7. K.C. Lam, B.L. Huang and S.Q. Shi, “Room temperature methane gas sensing properties based on in-situ reduced graphene oxide incorporated with tin dioxide”, Journal of Materials Chemistry A, 5, 11131-11142, 2017.
  8. W.B. Liu, L. Chen, X. Dong, J.Z. Yan, N. Li, S.Q. Shi and S.C. Zhang, “A facile one-pot oxidation-assisted dealloying protocol to massively synthesize monolithic core-shell architectured nanoporous copper@cuprous oxide nanonetworks for photodegradation of methyl orange ”, Scientific Report, 6, art. No. 36084, 2016.
  9. Y.D. Kuang, L. Lindsay, S.Q. Shi and G.P. Zheng, “Tensile strains give rise to strong size effects for thermal conductivities of silicene, germanene and stanine”, Nanoscale, 8, 3760-3767, 2016.
  10. B.T. Lu, L.P. Tian, R.K. Zhu, N.N. Li, S.Q. Shi and J.L. Luo, “Effects of Dissolved Ca2+ and Mg2+ on Passivity of UNS N08800 Alloy in Simulated Crevice Chemistries with and without Pb Contamination at 300 oC”, Corrosion Science, 100, 1-11, 2015.
  11. S.Q. Shi and Z.H. Xiao, “A quantitative phase field model for hydride precipitation in zirconium alloys: Part I. Development of quantitative free energy functional”, Journal of Nuclear Materials, 459, 323-329, 2015.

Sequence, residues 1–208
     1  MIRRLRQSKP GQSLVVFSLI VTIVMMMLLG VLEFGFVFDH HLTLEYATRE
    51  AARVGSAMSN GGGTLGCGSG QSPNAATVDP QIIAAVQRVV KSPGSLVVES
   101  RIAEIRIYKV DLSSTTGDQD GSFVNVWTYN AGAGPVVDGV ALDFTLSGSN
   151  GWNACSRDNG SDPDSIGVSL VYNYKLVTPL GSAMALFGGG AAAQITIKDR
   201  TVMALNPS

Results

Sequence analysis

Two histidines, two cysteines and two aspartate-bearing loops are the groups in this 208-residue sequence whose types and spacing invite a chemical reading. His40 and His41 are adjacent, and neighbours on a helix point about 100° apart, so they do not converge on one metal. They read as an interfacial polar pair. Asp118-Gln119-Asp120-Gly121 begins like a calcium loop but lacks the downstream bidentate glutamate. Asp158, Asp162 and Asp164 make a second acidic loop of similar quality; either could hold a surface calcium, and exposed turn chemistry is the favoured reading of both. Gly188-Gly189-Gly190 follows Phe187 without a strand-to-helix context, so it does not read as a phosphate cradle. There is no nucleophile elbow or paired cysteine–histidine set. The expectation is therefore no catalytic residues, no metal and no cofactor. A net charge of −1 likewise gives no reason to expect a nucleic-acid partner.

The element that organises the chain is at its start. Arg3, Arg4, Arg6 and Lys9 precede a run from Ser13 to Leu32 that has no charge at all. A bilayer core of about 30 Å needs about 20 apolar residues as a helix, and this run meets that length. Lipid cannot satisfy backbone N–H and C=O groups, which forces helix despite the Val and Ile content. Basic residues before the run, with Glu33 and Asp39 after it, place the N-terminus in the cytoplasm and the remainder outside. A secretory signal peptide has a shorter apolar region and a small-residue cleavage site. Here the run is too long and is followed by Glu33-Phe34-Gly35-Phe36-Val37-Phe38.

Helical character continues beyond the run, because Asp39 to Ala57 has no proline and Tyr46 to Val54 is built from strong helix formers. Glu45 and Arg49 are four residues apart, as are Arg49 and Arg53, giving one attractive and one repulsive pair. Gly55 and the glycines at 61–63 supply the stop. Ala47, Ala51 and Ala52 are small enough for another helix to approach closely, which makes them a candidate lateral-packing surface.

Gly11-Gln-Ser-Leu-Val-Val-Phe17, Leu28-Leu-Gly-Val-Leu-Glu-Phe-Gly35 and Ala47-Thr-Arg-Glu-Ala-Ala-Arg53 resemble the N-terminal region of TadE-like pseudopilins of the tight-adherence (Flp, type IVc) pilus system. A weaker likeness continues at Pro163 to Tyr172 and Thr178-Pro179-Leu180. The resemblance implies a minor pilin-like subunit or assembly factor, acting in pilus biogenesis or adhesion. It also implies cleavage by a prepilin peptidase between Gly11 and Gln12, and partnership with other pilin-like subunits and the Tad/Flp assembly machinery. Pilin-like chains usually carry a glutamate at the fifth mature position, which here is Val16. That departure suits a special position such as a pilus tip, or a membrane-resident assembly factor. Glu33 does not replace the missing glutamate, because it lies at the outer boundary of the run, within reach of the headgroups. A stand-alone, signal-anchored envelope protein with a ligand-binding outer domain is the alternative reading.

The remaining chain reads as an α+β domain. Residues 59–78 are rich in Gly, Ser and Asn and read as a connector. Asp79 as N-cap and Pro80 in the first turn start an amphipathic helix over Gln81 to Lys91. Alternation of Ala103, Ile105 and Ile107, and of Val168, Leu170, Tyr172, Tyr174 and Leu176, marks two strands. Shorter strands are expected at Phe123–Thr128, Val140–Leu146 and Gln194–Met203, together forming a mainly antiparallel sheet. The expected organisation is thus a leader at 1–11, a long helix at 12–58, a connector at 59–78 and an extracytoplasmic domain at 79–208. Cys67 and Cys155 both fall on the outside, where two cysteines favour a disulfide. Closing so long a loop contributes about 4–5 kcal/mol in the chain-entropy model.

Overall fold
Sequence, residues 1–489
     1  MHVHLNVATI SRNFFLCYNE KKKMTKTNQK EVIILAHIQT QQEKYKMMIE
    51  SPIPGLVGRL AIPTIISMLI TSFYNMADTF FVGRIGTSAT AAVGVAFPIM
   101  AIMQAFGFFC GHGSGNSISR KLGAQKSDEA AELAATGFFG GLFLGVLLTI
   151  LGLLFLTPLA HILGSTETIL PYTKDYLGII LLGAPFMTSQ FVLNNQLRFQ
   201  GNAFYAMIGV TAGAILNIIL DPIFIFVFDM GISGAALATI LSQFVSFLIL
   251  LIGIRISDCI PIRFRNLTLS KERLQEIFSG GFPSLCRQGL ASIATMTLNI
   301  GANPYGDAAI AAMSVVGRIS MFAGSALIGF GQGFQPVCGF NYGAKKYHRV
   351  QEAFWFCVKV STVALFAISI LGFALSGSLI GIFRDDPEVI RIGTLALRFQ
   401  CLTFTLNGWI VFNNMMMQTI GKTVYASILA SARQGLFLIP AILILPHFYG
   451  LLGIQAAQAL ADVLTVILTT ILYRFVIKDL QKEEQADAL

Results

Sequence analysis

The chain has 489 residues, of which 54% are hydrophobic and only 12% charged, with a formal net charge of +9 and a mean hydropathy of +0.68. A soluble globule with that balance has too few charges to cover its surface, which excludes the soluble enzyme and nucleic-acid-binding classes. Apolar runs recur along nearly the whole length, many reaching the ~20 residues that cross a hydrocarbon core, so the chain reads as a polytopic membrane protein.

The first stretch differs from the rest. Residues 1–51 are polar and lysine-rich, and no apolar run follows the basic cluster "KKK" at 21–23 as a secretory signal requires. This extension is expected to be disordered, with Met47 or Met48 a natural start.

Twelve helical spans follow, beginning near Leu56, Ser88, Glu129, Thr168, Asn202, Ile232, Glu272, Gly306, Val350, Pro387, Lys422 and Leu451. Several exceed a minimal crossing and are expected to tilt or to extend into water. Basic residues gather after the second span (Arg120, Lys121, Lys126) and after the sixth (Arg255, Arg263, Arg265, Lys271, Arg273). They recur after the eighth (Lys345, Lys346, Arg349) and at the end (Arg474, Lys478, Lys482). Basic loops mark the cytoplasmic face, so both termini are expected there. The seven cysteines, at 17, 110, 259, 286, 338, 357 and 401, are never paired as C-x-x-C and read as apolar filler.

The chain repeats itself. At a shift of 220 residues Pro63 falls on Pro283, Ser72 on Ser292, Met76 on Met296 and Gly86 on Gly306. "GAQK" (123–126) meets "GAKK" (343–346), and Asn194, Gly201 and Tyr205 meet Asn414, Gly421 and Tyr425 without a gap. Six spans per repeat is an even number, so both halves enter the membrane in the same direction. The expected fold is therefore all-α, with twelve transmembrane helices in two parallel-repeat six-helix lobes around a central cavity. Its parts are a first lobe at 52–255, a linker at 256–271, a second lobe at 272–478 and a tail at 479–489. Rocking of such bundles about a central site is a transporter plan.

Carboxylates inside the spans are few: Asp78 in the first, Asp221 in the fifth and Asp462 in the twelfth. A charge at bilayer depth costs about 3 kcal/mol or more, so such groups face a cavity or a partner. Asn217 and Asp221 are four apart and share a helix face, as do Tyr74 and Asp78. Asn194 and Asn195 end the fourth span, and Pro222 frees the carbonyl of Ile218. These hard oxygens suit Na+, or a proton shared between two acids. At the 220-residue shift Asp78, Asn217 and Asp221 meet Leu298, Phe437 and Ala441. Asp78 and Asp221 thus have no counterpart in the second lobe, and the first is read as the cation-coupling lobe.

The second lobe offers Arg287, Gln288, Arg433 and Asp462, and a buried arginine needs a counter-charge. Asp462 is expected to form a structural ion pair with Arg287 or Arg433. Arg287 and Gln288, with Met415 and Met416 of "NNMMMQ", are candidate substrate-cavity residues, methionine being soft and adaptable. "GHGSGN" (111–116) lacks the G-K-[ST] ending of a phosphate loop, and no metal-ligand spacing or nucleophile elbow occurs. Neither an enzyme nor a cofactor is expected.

12. Wang, Y.F. Ye, B.A. Sun, C.T. Liu, S.Q. Shi and Y. Yang, “Softening-Induced Plastic Flow Instability and Indentation Size Effect in Metallic Glass”, Journal of the Mechanics and Physics of Solids, 77, 70-85, 2015.
  13. C. Ng, S. Guo, J.H. Luan, S.Q. Shi, C.T. Liu, “Entropy-driven phase stability and slow diffusion kinetics in a Al0.5CoCrCuFeNi high entropy alloy”, Intermetallics, 31, pp.165~172, 2012.
  14. J. C. Wang, X. C. Ren, S. Q. Shi, C. W. Leung, Paddy K. L. Chan, “Charge accumulation induced S-shape J-V curves in bilayer heterojunction organic solar cells”, Organic Electronics, 12, pp.880~885, 2011.
  15. Y. Bai, G.P. Zheng and S.Q. Shi, “Direct measurement of giant electrocaloric effect in BaTiO3 multilayer thick film structure beyond theoretical prediction”, Applied Physics Letters, 96, 192902, 2010.
  16. X.H. Guo, S.Q. Shi, Q.M. Zhang, X.Q. Ma, “An elastoplastic phase-field model for the evolution of hydride precipitation in zirconium, Part II: specimen with flaws”, Journal of Nuclear Materials, Vol.378, p.120~125, 2008.
  17. X.H. Guo, S.Q. Shi and X.Q. Ma, “Elastoplastic phase field model for microstructure evolution”, Applied Physics Letters, Vol. 87, Art. No. 221910, 2005.
  18. C.H. Xu, C.H. Woo and S.Q. Shi, “Formation of CuO Nanowires on Cu Foil”, Chemical Physics Letters, Vol. 399, pp.62~66, 2004.
  19. Jie Wang, San-Qiang Shi, Long-Qing Chen, Yulan Li, Tong-Yi Zhang, “Phase field simulations of ferroelectric/ferroelastic polarization switching”, Acta Materialia, Vol. 52, pp.749~764, 2004.
  20. L.G. Zhou and S.Q. Shi, “Formation energy of Stone-Wales defects in carbon nanotubes”, Applied Physics Letters, Vol. 83 (6), pp.1222~1224, 2003.